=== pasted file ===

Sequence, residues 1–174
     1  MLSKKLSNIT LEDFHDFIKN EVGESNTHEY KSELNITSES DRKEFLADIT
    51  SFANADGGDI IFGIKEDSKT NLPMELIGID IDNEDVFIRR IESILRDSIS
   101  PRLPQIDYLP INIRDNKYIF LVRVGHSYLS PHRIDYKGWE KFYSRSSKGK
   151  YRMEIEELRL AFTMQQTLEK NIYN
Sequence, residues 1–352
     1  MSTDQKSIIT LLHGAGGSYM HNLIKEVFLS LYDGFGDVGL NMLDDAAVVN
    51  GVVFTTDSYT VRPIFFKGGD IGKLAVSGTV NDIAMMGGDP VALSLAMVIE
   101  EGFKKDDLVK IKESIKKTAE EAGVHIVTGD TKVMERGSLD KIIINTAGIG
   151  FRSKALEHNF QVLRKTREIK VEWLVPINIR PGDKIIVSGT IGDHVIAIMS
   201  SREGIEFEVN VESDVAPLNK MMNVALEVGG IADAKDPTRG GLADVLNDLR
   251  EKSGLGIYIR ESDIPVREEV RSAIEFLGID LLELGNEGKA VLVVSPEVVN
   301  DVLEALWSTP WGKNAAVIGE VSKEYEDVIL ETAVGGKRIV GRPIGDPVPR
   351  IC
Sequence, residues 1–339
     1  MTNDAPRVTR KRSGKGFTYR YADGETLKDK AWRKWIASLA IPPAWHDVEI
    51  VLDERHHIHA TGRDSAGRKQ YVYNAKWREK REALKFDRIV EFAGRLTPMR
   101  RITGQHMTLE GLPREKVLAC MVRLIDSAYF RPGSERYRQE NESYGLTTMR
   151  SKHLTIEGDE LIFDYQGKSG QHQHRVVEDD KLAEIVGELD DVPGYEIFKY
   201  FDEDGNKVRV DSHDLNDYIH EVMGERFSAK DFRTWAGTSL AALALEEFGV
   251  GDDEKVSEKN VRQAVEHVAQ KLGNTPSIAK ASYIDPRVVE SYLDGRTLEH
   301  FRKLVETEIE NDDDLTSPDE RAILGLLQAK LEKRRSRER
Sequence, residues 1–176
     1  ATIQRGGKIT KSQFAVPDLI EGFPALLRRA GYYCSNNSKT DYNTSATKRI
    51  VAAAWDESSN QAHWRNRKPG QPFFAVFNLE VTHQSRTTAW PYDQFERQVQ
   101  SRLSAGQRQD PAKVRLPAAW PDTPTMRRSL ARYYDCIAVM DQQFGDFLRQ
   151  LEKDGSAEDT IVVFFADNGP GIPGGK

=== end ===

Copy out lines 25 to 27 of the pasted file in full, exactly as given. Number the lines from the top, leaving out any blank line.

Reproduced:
    51  VAAAWDESSN QAHWRNRKPG QPFFAVFNLE VTHQSRTTAW PYDQFERQVQ
   101  SRLSAGQRQD PAKVRLPAAW PDTPTMRRSL ARYYDCIAVM DQQFGDFLRQ
   151  LEKDGSAEDT IVVFFADNGP GIPGGK